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South African flower exports pruned back

SA’s flower exporters were continuing to battle weak markets with no signs of demand picking up yet in Europe, their biggest market, or an easing of cost pressures, René Schoenmaker of the South African Flower Exports Council said on Friday.

Latest available figures compiled by Futures Trust for the Flower Export Council from customs and excise trade data show that the value of SA’s flower exports in the first six months of this year fell 4,88% to R202,6m compared with the same period last year.

Hentie Boshoff, of Futures Trust, said last year was a very good year for flower exports. For the whole of last year the value of SA’s flower exports rose 26,3% to R524,1m compared with 2007.

Schoenmaker said the recession had taken its toll on the flower market and prices had dropped sharply.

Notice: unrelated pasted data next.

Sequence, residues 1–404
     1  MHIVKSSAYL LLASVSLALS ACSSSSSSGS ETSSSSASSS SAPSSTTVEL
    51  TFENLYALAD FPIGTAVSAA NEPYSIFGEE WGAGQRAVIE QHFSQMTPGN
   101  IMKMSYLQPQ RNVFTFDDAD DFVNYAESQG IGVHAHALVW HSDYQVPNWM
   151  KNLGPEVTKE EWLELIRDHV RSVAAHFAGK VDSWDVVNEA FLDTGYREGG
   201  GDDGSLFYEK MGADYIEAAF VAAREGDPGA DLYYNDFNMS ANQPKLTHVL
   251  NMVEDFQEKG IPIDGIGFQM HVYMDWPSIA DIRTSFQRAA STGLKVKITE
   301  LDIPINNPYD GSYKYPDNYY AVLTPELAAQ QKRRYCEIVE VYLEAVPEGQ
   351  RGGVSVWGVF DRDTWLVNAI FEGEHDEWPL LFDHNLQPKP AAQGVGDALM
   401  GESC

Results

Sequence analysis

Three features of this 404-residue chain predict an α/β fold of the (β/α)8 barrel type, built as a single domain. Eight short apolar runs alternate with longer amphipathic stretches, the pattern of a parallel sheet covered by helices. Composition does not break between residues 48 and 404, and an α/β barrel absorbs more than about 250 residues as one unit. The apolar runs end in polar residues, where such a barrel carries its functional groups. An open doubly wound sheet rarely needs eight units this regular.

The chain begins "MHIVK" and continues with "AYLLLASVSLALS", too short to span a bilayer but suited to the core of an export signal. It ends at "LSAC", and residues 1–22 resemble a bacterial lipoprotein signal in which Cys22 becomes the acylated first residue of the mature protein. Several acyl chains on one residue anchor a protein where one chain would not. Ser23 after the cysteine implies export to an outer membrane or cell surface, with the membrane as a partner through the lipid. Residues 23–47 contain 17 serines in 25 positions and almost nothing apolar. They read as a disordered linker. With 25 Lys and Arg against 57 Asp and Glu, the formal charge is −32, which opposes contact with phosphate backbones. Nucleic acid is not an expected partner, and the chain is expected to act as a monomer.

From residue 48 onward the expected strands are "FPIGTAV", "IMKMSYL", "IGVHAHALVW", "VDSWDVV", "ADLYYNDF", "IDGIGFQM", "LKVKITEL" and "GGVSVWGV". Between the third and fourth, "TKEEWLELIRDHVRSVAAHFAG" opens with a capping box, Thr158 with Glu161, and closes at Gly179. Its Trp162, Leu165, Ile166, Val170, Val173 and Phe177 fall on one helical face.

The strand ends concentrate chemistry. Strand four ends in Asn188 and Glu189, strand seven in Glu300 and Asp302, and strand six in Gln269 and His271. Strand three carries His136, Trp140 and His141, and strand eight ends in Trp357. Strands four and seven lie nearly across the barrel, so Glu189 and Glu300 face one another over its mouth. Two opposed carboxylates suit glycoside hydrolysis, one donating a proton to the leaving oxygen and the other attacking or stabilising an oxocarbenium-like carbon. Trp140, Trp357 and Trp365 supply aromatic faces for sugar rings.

By January, prices in Holland were 30%-35% below average. According to the Futures Trust figures, six countries in the European Union (EU) accounted for 68% of SA’s flower exports last year, and Schoenmaker said Holland alone was probably half of that figure.

SA’s main year-round export flowers are proteas and fynbos.

Although fuel prices had eased, airlines under financial pressure were raising freight rates, which was affecting exporters’ profit , and the strong rand was putting pressure on receipts, he said.

But in spite of tough trading conditions and various market disadvantages, SA’s flower exporters were surviving, Schoenmaker said.

SA was geographically well placed to export anywhere in the world, but it was also a long distance from the main markets. North America was mainly supplied by South American producers, while the Far East bought from the Pacific region.

Most countries supported their agricultural sectors, which SA did not, and other African countries were able to export to the EU without attracting import duty.

“It is amazing that we are doing as well as we are,” Schoenmaker said.

“SA is a very versatile country and although the going is tough without subsidies, those that survive without subsidies are stronger in the long run.”